Mayor's Race

Memphis Mayor’s Race 2023: Michelle McKissack

By , Daily Memphian Published: September 05, 2023 1:46 PM CT

Imagine a young girl, her sister and their neighborhood friends walking to a nearby Memphis public library on a summer’s day. They are not looking over their shoulders. Their parents are not afraid for them.

This was Michelle McKissack’s life growing up in Memphis’ Cherokee neighborhood. Her parents bought their house in 1970, and McKissack remembers “playing in the backyard, running through the sprinklers” and thinking about crime not at all.

Now 50 years later, the platform for McKissack’s mayoral campaign is simple: Whole City Memphis. Meaning, everyone deserves an opportunity. And it will take everyone to lift the city up.

For her, Memphis needs to be like one huge neighborhood.

“For us to move forward as a city, we have got to focus on how we help our young people,” McKissack says. “It’s the nucleus for safety in our community. Growth, in terms of having a very strong workforce. And that is my driving force for running for mayor – to put the emphasis back on young people.”

Read more here about McKissack here: The War for Peace: Mayoral candidate Michelle McKissack wants a safer Memphis for all

To learn more about all of the candidates, visit The Daily Memphian’s 2023 City of Memphis election landing page

In her own words

The Daily Memphian: What is the most pressing issue facing the city today?

Michelle McKissack: Wherever I go in Memphis, people are telling me that they are concerned about crime and safety. As mayor of Memphis, I will lead a holistic campaign to reclaim our safety, rebuild community trust and increase police morale. My Whole City Memphis Safety Plan takes a smart-on-crime approach to reclaim our safety through what I call the three P’s: partnering with police, providing justice and preventing crime.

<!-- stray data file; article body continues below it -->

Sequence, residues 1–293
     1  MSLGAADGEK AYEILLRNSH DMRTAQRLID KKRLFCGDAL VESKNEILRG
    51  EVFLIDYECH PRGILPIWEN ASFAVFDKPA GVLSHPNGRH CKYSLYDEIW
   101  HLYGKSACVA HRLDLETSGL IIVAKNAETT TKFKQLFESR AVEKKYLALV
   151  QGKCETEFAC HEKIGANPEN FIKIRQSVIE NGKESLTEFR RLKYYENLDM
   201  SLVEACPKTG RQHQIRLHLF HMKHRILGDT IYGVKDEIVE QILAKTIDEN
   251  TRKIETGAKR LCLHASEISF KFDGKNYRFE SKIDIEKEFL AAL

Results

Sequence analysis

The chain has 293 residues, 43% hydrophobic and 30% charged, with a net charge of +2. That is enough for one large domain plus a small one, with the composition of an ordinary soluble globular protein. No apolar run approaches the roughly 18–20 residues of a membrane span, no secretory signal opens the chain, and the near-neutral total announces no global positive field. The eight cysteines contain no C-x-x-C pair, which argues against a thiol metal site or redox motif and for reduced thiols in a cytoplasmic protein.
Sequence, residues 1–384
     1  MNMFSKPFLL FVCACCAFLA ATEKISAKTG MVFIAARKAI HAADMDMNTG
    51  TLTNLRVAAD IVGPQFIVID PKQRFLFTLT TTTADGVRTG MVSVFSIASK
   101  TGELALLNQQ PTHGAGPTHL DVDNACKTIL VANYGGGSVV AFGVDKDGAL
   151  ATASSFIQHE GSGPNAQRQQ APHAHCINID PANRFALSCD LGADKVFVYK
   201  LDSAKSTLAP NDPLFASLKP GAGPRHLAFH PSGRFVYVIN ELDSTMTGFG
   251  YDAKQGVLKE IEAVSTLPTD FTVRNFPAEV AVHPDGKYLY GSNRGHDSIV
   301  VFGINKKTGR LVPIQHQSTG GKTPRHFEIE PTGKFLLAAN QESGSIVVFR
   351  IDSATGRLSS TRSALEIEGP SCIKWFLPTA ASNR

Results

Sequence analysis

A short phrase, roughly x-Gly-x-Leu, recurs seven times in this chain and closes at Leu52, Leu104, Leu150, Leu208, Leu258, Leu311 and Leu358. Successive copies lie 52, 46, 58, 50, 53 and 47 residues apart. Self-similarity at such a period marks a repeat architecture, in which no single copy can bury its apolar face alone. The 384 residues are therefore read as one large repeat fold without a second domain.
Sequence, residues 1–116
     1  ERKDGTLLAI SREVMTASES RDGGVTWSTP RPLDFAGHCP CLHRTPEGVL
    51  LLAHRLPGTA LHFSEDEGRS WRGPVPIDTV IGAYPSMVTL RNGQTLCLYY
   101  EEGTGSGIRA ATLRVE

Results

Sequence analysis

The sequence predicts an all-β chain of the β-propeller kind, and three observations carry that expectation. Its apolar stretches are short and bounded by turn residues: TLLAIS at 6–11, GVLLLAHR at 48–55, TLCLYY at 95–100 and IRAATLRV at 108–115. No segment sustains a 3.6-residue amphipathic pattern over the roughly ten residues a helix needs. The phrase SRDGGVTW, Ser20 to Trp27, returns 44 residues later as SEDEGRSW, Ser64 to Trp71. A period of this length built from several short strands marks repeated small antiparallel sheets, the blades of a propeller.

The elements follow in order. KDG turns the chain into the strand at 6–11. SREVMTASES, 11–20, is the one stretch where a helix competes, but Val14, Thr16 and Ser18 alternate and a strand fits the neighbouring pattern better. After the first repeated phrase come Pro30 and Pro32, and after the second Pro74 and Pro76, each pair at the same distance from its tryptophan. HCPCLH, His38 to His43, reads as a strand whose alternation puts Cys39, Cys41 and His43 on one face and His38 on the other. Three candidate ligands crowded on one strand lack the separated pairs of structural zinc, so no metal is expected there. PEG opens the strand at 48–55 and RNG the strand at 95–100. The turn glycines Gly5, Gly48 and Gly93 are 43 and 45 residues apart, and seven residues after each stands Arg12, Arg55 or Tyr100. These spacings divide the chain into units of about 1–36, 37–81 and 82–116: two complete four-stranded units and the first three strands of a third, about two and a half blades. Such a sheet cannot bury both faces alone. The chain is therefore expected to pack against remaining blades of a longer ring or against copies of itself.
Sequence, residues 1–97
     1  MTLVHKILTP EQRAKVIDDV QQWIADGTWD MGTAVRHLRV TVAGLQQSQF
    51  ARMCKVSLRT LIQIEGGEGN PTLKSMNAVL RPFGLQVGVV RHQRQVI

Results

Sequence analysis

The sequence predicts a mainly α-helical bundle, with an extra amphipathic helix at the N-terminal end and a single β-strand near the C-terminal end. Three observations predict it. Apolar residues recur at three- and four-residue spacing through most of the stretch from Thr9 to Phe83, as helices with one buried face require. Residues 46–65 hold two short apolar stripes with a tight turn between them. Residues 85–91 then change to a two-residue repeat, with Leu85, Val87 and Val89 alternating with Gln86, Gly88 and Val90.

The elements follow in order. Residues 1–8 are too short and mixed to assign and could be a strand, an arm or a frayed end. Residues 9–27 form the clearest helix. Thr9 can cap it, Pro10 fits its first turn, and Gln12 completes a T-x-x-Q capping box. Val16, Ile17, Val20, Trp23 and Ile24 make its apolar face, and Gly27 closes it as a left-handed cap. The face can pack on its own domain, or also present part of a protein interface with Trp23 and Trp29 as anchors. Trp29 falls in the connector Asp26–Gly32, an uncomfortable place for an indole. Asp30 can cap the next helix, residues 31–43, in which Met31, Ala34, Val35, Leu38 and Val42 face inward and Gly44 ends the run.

What do you think the City of Memphis budget should spend more on? What do you think it should spend less on?

We need more resources for our police department. I propose we hire more detectives who solve crimes rather than hiring more patrol officers who respond to crime. In this manner, we can move beyond just one in five crimes being solved. Also, there are far too many rape kits that have not been processed. We must invest in a crime laboratory to respond to the needs of Memphians, especially women.

The budget spending also drives economic development. The grants and subsidies that amount to more than $40 million often benefits just a few of our citizens rather than the whole city. Therefore, my focus is also scrutinizing the impacts of each budget “spend” to maximize benefit for the greater Memphis.

Is the City of Memphis going in the right direction?

Memphis is at a critical moment. The next administration will drastically affect whether our lives truly improve. We need a mayor who is experienced, always chooses Memphis and is willing to shake up the status quo for the benefit of everyone in Memphis.

Would you ever be in favor of increasing property taxes?

Before I consider raising taxes, I will first determine where we are not effectively using our current budget. I find it troublesome that whenever the budget becomes tight, leaders always look to make cuts from our everyday workers.

Rather, I would review the major contracts that the City of Memphis has given to large developers, corporations and outsourcers. Those contracts that are not hitting benchmarks and not providing the promised value to Memphians must be renegotiated.

Do you believe that, as a representative of the public, your vote should reflect how your constituents would vote or are they electing you to use your own judgment?

I believe that I should achieve the goals of Memphians. 

What do you think are the keys to your success?

I have worked across multiple sectors, from serving as a former local news anchor and reporter to leading on the Memphis-Shelby County Schools board and the MATA board. I know what it’s like living in Memphis, coming from humble beginnings. I was raised as one of five children who took the city bus growing up to school because we either had one car or no car the entire time growing up. That’s why I serve on the MATA board.

What was the last book you read?

“Memphis,” by Tara M. Stringfellow, a local Memphian author who was also my sons’ English teacher.

If you got to choose a last meal, what would it be?

A six-bone plate from Cozy Corner with beans and coleslaw. I never get tired of it. 

What talent or skill do you wish you had?

If I could have one talent, it would be to do a perfect cartwheel. I cheered in high school and college, and my cartwheels were pristine. Now, I’m not sure if my skills would be good enough to get on the team.

What activities do you enjoy outside of work?

I love to travel to new exciting places. I have had a sense of wanderlust since I was a child. Growing up, I would go to my neighborhood library and read about far-off fantastical places. Now, as an adult, I get to travel to these places. I am living my childhood dream.


Michelle McKissack 2023 Memphis Mayor's race


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